WWDC 2019 Epilogue: We’re on an Island, and Turning the Page

After a packed WWDC 2019, we’re still uncovering gems from the event. Apple introduced a ton of new tools and services, and even a new platform for iPad (iPadOS). But where do we go from here?

SwiftUI

Apple finally introduced us to its new flagship Mac Pro, but SwiftUI stole the show. SwiftUI changes just about everything about writing apps; instead of fiddling with constraints and layouts, it makes designing and arranging app interfaces simpler.

The idea is to give developers more time to make apps great, and have them spend less time designing apps with tedious boilerplate code. SwiftUI takes care of all that.

As we’ve noted before, this is also dogmatic. SwiftUI is simple, and awesome, but it plops you right in the middle of Apple’s idea of what an app should be. Trust me, I love that designing apps just got a lot simpler, and you can style SwiftUI-built app interfaces a bit, but right now there aren’t multiple options for types of interfaces. We hope that’s next.

RealityKit

RealityKit is a big deal, too. It’s doing for augmented reality what CoreML and CreateML did for machine learning on Apple’s platforms; it’s also an evolution of SceneKit, which was meant for 2D gaming. That makes it incredibly important to Apple’s future (especially given how the company is reportedly working on an AR heads-up display of some sort).

Reality Composer is a mobile-first companion to RealityKit that helps create augmented reality scenes. Though you can use it in Xcode and on the Mac, it’s best on iPad as a touch-centric way to design and frame augmented reality scenes before sending along to Xcode for fine tuning.

Mobile-to-desktop is a principle Apple seems keen on, too. iPadOS is a welcome, segmented version of iOS that’s unique to iPad, which Apple is positioning more as “macOS-lite” than ever before. It’s time that iPad got its own niche, and an operating system that suits it, rather than continuing to riff off the smartphone-centric iOS. Meanwhile, iOS 13 brings dark mode, more photo editing tools, a better Maps experience, advanced privacy tweaks (including Sign-In with Apple), and not much else.

macOS and the Island

macOS is where we find ourselves on a (metaphorical) island. Version 10.15 is named Catalina (which is also a real island!), and feels like it’s leading the pack for the first time in a long time. Xcode 11 is being refreshed, and it’s best when used with SwiftUI. macOS Catalina is disrupting iTunes by splitting it into apps for Podcasts, Music, and Apple TV.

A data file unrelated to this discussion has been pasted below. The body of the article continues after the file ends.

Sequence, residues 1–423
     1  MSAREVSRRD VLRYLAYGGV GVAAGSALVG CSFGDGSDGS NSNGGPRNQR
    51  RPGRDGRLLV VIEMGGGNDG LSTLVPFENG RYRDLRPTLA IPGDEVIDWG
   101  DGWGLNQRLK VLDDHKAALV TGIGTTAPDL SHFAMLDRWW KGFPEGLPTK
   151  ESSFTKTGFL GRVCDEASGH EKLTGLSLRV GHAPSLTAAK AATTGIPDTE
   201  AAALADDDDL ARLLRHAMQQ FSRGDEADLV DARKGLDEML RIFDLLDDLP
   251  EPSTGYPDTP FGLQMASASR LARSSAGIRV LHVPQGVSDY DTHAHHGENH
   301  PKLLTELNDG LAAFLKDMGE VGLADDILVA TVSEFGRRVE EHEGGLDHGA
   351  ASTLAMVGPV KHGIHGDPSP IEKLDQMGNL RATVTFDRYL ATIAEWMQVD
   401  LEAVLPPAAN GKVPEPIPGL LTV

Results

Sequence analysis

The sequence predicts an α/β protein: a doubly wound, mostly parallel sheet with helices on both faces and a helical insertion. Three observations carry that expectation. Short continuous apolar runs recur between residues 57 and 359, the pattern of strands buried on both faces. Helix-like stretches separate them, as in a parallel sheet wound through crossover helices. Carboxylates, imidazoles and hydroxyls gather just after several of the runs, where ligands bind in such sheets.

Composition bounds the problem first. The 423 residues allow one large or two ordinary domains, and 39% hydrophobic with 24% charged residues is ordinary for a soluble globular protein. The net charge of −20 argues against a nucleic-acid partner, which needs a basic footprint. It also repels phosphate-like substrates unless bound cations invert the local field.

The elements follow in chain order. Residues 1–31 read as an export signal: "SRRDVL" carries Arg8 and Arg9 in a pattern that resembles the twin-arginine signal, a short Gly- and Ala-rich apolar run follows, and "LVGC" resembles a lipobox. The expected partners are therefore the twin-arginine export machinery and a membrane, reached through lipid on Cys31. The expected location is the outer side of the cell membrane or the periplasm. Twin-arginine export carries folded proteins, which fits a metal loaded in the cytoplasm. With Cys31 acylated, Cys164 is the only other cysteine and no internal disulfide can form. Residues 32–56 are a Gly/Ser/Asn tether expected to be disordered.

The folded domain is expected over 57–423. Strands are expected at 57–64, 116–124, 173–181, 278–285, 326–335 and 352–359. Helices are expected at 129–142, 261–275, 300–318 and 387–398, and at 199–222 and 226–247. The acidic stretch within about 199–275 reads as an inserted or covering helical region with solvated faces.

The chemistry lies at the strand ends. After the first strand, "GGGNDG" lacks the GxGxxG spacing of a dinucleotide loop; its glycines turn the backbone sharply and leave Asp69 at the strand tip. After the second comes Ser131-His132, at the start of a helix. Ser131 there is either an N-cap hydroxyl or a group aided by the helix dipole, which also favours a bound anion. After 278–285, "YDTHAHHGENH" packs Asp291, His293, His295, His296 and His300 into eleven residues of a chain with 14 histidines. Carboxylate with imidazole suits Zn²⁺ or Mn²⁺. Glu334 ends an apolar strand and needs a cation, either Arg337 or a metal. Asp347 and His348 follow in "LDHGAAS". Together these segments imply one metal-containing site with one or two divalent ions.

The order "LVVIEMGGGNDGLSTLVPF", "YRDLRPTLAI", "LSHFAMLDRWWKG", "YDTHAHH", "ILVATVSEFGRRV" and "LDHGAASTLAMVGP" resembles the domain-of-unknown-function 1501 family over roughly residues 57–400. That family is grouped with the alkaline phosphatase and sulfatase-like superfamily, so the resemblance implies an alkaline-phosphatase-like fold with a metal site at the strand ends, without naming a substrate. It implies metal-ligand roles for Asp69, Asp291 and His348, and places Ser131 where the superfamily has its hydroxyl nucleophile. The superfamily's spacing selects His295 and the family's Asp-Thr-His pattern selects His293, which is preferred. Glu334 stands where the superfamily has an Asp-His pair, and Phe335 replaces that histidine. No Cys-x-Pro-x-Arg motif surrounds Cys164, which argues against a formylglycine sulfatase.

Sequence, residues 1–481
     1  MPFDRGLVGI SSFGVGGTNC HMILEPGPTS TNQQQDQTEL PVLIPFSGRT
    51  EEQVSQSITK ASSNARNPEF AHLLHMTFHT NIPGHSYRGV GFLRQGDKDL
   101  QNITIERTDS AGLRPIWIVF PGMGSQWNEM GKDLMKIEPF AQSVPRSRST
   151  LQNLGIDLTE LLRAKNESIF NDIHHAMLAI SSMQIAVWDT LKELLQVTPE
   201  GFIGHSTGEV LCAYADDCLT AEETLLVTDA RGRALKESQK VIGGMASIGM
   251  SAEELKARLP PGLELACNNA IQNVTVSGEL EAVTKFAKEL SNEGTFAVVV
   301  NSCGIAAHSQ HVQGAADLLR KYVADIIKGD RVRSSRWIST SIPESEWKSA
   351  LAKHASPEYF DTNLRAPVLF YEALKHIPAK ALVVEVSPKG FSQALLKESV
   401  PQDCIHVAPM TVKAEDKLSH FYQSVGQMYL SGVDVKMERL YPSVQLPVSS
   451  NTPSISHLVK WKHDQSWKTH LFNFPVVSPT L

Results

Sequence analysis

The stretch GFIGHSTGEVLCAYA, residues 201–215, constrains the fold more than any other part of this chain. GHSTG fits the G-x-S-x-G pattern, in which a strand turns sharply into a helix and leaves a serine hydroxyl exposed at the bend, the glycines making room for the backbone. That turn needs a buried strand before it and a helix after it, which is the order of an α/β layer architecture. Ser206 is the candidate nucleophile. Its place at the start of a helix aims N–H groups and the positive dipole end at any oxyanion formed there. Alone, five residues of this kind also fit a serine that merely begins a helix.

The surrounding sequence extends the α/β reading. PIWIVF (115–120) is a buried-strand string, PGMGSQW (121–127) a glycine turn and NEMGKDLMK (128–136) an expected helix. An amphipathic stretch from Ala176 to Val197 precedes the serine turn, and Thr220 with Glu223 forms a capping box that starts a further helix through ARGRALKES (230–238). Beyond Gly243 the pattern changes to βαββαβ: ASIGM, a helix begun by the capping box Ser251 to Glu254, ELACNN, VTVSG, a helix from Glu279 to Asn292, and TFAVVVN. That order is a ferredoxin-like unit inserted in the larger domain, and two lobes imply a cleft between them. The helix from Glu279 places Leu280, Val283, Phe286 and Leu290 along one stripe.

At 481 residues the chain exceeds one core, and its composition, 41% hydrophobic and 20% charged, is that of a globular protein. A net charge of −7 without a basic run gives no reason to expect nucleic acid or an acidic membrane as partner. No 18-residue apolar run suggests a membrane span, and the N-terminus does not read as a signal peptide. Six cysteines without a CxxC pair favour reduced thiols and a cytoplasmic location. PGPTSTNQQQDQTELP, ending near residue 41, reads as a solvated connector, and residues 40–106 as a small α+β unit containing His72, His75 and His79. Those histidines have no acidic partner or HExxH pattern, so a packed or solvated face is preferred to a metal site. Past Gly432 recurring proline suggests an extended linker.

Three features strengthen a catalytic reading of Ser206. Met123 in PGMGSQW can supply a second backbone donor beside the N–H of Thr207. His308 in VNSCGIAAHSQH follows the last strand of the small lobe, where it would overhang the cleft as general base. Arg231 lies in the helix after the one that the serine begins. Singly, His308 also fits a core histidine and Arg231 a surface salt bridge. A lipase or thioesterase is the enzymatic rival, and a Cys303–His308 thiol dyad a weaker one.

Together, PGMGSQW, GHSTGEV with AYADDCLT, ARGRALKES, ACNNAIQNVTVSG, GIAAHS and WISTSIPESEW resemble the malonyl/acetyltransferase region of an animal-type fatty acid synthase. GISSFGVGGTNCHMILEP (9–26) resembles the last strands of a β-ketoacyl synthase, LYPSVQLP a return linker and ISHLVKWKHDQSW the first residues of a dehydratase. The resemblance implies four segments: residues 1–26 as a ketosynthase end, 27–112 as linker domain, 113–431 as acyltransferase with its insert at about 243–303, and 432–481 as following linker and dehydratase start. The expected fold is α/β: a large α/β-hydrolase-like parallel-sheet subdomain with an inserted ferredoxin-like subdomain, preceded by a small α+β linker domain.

macOS is also receiving a boost from iPad via “Project Catalyst,” Apple’s official name for “Marzipan.” Project Catalyst is conceptually simple, though we’ve cautioned against assuming it’s as easy as Apple says it is, at least for existing apps. Making iPad apps available for the Mac is exciting, because the desktop will get more apps, and iPad apps will probably get better because developers are considering both platforms.

SwiftUI Apple WWDC Dice

Apple is Turning the Page at WWDC 2019

WWDC 2019 was packed with so much tooling it’s impossible to process it all in one week. But there are some solid, quick takeaways.

In addition to what we mentioned above, Apple killed its bug reporting system. Yes, iOS and macOS devs, “Radars” are dead to you. Rejoice. It’s all part of Feedback Assistant now, which is still beta, but strikes us as much better than the old system (so far).

Privacy also played a big role, led by Sign-In with Apple, which is essentially like a Facebook or Google sign-in button, without being creepy about user data. Apple is starting to become demanding of developers where privacy is concerned, and it doesn’t seem as though the crowd in attendence had a problem with it.

And there’s more. Lots more. SFSymbols are official Apple icons for apps that resize when font size changes. Sidecar lets you use an iPad like a second screen for your Mac. There were impressive accessibility improvements. And that was just a fraction of what Apple pulled out onstage.

This also felt like the year Apple stomped on the gas pedal. Two things stood out routinely during sessions: The A12 processor is the new baseline for just about everything Apple is doing for AR, and “low code” is its favorite new way to think about user interfaces.